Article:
Volume 20, Number 36 | The Newspaper of Lower Manhattan | August 25 - September 1, 2010
Downtown Express photo by John Bayles
Kate Pelia, executive director of Dance New Amsterdam, stands in the middle of a dance class with signs that currently hang on walls throughout the Lower Manhattan studio.
D.N.A. waiting on counter-offer; facing eviction
BY John Bayles
Kate Pelia, Dance New Amsterdam’s executive director, has adopted a new life philosophy.
“Life is an Excel spreadsheet. What you do is you gather the data and you fill in all of your little units, then you see what weighs heavily in certain areas,” she said.
Pelia feels as if this is how the city is currently evaluating nonprofits throughout Lower Manhattan.
D.N.A. is facing eviction; the court hearing is scheduled for this Thursday. It’s not D.N.A.’s first date in landlord-tenant court. They were scheduled to appear on July 14, because their landlord, Fram Realty, was suing them for possession of premises due to rent arrears of more than half a million dollars.
With the help of local elected officials, like council member Margaret Chin and state Senator Daniel Squadron, Pelia was able to stave off the first court appearance and buy her group some time. But now, the Lower Manhattan arts group is again in need of help.
As of press time, Pelia was awaiting a counter offer from Fram, but the court date, she said, was still set.
“We have a counter offer coming in today,” Pelia told the Downtown Express on Tuesday. “It will have two aspects. One is the city would step in with a solution other than a tax abatement. And one would be if the city doesn’t.”
Initially, D.N.A. and their supporters were lobbying for a special tax abatement reserved for nonprofits. The problem though is the tax break is only given to nonprofits that own the space in which they operate.
The first sit-down with Fram, that only came once elected officials began applying pressure in July, resulted in the landlord offering to lower D.N.A.’s rent from $70,000 a year to $50,000 for the first five years and $55,000 for the second five years of a ten-year lease. Pelia said while the offer was appreciated, it still wasn’t good enough to save her organization.
Pelia feels D.N.A., as well as many other groups in Lower Manhattan, is suffering from what she deems “cultural Darwinism.”
“Funders are allowing the weaker organizations to die off to see whose left standing. We have set up a system based on creating businesses that provide a service and promote the public good,” said Pelia. “But there is a systemic problem that must be addressed. People don’t want to admit that we have a legal system set up to make us ask for support.”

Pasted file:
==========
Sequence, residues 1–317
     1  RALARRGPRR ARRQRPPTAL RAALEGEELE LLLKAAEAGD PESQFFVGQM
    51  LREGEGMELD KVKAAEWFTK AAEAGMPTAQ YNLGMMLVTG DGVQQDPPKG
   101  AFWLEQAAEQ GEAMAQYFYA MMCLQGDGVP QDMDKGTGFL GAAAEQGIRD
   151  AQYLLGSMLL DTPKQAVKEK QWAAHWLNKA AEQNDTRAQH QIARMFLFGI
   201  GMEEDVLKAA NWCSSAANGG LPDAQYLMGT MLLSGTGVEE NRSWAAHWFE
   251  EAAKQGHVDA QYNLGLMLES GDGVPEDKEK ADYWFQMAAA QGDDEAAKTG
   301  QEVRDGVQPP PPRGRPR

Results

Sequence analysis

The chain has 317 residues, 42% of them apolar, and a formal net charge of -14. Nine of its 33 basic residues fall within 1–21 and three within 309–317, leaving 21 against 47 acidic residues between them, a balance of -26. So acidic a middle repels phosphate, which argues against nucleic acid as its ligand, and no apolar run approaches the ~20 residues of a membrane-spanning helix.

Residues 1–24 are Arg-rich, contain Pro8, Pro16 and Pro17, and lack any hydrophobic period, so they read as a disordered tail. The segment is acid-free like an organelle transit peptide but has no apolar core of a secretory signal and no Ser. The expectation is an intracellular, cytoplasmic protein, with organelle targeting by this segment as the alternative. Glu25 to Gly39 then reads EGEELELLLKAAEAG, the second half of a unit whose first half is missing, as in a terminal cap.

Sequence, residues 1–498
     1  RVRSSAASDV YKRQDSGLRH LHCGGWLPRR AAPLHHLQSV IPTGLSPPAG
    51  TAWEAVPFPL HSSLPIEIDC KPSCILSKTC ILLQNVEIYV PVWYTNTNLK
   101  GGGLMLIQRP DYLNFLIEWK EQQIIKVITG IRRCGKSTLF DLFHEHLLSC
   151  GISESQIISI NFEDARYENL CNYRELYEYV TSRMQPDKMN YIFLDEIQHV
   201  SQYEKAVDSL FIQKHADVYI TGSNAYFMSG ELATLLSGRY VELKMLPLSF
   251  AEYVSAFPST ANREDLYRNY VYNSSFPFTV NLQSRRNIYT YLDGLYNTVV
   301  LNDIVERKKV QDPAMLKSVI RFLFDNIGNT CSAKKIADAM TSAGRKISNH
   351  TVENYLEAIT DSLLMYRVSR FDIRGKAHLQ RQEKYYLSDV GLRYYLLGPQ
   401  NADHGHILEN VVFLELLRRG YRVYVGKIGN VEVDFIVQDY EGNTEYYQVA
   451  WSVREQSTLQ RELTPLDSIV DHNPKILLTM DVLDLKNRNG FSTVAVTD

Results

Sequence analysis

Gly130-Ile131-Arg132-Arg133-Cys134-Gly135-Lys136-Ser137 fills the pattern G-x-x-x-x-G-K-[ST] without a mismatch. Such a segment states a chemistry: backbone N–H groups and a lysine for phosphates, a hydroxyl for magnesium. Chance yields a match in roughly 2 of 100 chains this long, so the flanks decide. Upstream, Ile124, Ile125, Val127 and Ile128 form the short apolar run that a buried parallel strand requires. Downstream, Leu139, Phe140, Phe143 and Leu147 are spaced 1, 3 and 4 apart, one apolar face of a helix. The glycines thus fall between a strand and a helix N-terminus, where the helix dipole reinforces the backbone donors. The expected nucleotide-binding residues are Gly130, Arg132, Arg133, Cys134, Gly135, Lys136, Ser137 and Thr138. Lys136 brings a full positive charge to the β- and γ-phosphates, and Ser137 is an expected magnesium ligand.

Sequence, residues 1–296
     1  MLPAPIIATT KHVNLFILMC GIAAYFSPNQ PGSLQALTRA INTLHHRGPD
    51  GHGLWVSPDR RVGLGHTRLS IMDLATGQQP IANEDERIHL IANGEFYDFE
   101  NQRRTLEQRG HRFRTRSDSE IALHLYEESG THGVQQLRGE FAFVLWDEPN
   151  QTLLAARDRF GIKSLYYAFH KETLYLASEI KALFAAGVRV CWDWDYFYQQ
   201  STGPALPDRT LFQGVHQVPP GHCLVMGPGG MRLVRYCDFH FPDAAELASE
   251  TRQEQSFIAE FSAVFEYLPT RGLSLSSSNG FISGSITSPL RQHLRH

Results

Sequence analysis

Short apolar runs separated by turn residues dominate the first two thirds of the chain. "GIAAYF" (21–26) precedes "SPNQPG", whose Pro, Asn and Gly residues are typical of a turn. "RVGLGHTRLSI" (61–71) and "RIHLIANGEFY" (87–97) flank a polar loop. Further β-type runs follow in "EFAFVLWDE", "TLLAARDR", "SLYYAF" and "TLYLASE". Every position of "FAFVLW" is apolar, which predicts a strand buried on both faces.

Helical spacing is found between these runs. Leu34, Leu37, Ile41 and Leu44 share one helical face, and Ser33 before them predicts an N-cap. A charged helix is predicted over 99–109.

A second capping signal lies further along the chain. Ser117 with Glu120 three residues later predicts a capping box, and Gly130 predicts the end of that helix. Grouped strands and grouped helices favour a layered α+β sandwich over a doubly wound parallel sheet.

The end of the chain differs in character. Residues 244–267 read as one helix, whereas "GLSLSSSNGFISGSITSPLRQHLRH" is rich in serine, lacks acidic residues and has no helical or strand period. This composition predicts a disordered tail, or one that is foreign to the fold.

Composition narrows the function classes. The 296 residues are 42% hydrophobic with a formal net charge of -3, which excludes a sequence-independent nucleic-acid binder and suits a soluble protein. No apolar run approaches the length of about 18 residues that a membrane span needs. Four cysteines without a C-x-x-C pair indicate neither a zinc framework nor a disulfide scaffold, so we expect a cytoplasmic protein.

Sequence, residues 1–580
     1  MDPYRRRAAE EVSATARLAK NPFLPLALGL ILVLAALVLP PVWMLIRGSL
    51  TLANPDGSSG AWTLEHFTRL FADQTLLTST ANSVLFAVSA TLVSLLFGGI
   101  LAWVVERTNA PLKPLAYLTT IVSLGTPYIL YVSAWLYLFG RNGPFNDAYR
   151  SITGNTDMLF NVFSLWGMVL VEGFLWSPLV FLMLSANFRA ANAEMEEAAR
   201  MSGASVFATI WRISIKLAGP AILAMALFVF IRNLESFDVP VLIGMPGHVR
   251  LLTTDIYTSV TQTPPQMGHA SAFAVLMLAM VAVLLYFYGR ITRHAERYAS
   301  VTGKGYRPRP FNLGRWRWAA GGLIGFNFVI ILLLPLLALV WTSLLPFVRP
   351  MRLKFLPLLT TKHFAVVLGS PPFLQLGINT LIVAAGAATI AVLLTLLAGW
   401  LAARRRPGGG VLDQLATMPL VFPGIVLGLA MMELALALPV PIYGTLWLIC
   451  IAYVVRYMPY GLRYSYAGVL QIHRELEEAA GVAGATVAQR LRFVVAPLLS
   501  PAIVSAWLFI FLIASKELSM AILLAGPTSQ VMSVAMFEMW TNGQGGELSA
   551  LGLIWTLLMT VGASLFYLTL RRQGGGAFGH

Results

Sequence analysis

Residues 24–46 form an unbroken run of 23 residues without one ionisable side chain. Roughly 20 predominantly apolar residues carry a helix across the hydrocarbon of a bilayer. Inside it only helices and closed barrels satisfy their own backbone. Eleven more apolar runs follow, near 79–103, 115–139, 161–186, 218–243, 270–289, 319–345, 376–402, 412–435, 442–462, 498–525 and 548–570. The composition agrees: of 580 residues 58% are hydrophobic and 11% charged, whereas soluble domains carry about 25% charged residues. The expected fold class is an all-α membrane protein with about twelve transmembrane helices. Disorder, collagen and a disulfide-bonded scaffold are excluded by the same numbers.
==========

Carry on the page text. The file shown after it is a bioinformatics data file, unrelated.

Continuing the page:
I really believe something needs to be done about how New York City is doing business with its culturals,” she continued. “It trickles down to families, to artists.”
What frustrates Pelia most however is that she sees D.N.A. as a proven business model when it comes to the arts.
D.N.A.’s 130-seat theater has showcased over 380 D.N.A. performances and an additional 200 performance by other groups that rent out D.N.A. studio space. They are open 360 days a year and offer 120 classes weekly with upwards of 8,000 students enrolled on an annual basis. The non-profit currently serves over 32,000 people, provides jobs to 250 employees and bankrolls project and commission work that adds more than 400 additional jobs every year. The organization’s payroll is $1,508,000, which equals $281,658 a year in government employee taxes.
“The child who is pushed out into the street first,” said Pelia, “will turn to the easiest way of making money. We’re not doing that.”
Pelia said some peers an others are telling her to go the way of other nonprofits in the same situation.
“People are saying we should [go] bankrupt.”
Pelia said there’s an old Russian saying that has taken on new meaning for her in the past months.
“If you don’t know what kind of snakes are in the river, then don’t jump into the river.”
Then she said, “New York City is a river, and there’s a lot of bad snakes in it.”
For now Pelia, her staff and D.N.A. students and teachers are simply waiting. Pelia is continuing to hone her skills as a researcher.
“I’m becoming a real estate mogul, doing forensic research on ULURP [Uniform Land Use Review Procedure],” she said.
But for Pelia that’s a problem; she is spending more time on research than she is on programming.
“How do we make the world a better place?” she asked, and then firmly said, “The one thing I know is it’s not by getting rid of the arts.”